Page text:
the official website for the writings of
10 horror novelettes by Ralph Robert Moore. 400 pages. 120,000 words.
Includes "Dirt Land", nominated in 2016 for Best Story of the Year by the British Fantasy Society.
Children born with four feet. A man physically attached to three other men. A pushy waitress. A woman who dresses up as Santa Claus on Halloween. An off-campus NYC apartment overrun with tiny, crawling faces. A tomato with spikes sticking out of its red skin. A third rate stand-up comic who insists he isn't gay. A lonely woman who constructs a tabletop village of miniature buildings wherever she moves. A widow who's visited by God in a dream, singing instructions to her about the structure He wants her to build. A psychiatry student who has to convince a handcuffed serial rapist to sit on a toilet seat to reconnect with his childhood.
Featuring 3 novelettes from Black Static, "Dirt Land", "Kebab Bob" and "Drown Town"; 3 novelettes from Midnight Street, "They Hide in Tomatoes", "Nobody I Knew", and "Suddenly the Sun Appeared"; 1 novelette from Hellfire Crossroads, "She Has Maids", and 3 novelettes never before published, "During the Time I Was Out", "Imperfect Boy", and "Boyfriend".
"Up on the mountain, not everything that gets born is human. Or at least, human enough. That's just the way it is. Some of them are kept, if they look close enough, but a lot are taken down to the river before they get big, and drowned. Shaken out of a blanket. If you go downstream, you'll find all kinds of dead babies bumping against the gray river rocks. Stiff limbs, open mouths. Getting picked at by fish. Of course, up on the mountain, the people who live there catch that fish, like they catch all fish. Fry it. Eat it. That may be part of the problem."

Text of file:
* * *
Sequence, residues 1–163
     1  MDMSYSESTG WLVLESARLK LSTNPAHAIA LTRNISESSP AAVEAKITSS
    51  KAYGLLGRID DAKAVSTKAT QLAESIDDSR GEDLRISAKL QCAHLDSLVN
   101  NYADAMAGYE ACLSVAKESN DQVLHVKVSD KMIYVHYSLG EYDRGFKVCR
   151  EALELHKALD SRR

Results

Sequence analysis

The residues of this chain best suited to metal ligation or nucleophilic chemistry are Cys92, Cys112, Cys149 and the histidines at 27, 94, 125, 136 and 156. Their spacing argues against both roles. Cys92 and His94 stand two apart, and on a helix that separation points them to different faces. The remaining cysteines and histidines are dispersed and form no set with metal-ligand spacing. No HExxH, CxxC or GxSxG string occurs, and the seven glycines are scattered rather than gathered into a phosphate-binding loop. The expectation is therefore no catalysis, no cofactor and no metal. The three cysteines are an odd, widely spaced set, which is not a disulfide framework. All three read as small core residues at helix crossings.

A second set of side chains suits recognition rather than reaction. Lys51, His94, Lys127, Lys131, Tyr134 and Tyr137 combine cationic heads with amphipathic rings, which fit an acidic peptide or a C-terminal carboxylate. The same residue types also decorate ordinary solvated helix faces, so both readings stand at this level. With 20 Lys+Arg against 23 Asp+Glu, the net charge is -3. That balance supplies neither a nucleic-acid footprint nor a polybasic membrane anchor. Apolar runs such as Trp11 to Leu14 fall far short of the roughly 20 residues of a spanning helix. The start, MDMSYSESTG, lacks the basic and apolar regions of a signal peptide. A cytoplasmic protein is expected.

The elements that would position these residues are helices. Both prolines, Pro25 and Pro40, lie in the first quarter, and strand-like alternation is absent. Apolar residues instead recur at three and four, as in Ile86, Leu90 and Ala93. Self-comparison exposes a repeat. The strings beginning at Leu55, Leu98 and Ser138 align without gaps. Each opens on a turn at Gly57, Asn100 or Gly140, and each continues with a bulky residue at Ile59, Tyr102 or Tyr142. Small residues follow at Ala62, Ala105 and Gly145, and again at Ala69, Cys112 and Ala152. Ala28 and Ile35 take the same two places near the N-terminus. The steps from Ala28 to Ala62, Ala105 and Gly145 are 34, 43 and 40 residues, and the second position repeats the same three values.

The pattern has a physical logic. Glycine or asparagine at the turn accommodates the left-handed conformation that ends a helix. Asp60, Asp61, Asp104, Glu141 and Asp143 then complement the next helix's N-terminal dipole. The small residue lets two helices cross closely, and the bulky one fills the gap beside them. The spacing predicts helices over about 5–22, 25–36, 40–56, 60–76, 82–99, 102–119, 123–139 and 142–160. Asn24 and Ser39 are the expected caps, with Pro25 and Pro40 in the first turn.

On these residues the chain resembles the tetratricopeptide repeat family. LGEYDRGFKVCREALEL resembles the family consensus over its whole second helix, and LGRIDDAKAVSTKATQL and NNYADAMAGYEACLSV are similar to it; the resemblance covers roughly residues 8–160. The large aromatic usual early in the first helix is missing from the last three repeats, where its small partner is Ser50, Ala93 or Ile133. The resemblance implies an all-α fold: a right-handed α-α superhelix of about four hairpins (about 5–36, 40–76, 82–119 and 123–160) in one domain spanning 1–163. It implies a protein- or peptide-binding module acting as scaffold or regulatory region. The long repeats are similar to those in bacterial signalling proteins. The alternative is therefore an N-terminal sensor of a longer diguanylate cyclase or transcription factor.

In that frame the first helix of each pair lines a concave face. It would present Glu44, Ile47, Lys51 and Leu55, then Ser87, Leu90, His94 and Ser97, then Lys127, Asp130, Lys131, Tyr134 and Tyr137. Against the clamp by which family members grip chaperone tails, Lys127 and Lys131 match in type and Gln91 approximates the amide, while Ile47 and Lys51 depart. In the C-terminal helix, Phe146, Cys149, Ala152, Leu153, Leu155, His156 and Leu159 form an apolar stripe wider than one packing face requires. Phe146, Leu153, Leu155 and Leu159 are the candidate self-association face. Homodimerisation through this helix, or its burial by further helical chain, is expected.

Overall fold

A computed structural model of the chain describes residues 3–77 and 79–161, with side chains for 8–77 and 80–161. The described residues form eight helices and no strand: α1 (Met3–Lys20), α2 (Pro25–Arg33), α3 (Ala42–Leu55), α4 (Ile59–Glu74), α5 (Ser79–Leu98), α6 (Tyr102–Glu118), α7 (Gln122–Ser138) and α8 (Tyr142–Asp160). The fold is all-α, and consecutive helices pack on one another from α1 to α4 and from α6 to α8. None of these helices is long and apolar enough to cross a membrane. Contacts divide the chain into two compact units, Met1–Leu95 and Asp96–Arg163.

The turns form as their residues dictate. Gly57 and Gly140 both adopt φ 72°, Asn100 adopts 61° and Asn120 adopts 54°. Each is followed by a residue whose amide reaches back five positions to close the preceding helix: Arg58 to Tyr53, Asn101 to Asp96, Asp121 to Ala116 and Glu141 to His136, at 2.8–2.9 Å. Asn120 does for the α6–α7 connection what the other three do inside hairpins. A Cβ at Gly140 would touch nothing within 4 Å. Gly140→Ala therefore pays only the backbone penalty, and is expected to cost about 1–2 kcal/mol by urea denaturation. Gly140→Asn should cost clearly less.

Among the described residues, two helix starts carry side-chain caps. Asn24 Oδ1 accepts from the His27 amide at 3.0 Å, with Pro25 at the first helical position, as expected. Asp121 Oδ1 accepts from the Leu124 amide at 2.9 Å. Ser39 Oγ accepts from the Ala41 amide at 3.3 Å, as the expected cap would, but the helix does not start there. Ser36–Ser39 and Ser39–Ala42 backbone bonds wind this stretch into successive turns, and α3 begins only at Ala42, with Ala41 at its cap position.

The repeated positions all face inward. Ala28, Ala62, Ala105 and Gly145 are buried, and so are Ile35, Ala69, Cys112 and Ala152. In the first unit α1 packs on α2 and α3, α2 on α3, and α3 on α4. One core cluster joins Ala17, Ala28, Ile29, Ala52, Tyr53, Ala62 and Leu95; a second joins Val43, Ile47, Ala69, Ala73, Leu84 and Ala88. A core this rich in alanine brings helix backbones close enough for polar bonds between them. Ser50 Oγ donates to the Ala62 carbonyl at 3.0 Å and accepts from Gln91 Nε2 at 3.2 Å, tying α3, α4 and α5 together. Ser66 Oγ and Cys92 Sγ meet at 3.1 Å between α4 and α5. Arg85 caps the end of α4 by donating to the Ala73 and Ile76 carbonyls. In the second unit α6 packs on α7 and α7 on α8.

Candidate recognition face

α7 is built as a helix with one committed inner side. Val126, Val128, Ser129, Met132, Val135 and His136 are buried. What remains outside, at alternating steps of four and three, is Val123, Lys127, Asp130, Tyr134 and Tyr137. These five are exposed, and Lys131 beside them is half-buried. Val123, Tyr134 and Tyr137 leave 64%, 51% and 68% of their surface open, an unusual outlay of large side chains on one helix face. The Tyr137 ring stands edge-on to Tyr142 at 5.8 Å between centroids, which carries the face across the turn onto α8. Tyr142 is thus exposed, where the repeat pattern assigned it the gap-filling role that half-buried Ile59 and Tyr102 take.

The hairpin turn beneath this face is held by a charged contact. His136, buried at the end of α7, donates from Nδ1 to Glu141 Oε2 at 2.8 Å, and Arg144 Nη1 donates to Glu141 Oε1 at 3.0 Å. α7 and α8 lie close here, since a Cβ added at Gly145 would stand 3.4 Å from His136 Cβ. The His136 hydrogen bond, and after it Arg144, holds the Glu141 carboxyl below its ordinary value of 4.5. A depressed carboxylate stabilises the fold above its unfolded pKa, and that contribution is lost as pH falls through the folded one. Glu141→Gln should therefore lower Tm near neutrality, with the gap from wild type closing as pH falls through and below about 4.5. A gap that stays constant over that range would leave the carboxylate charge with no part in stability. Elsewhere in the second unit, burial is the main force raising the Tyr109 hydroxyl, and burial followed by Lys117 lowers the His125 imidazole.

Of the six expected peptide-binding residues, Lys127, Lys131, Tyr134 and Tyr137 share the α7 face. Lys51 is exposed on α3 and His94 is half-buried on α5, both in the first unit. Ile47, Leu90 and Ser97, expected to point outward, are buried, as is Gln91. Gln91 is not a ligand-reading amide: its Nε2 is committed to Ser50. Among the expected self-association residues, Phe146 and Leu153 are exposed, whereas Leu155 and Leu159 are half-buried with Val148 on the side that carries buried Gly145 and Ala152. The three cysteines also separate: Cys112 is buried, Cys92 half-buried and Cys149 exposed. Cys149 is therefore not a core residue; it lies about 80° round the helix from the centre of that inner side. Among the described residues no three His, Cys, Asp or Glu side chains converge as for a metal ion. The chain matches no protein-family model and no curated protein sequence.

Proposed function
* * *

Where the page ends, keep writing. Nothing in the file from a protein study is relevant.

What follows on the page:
--Opening paragraph of "Dirt Land"
The full text of Father Figure is now available in new trade paperback and Kindle editions, with a 2015 Author's Preface, and an appendix which includes 6,000 words in deleted scenes.
Father Figure is also available at all other Amazon sites worldwide, and additional online venues. 175,000 words, plus 6,000 words of deleted scenes.
South of Anchorage, accessible only from a mud-rutted road off Seward Highway, lies the town of Lodgepole. After midnight, among the blueberry bushes of White Birch Park, a man climbs on top of a woman and begins making love to her. As her orgasm rises he puts his hands around her throat, shutting off her air. She struggles, not to stop him, but to stop herself from trying instinctively to pull his hands off her throat. As the top joints of his thumb meet at the front of her throat she comes, her cry of orgasm ricocheting around inside her forever.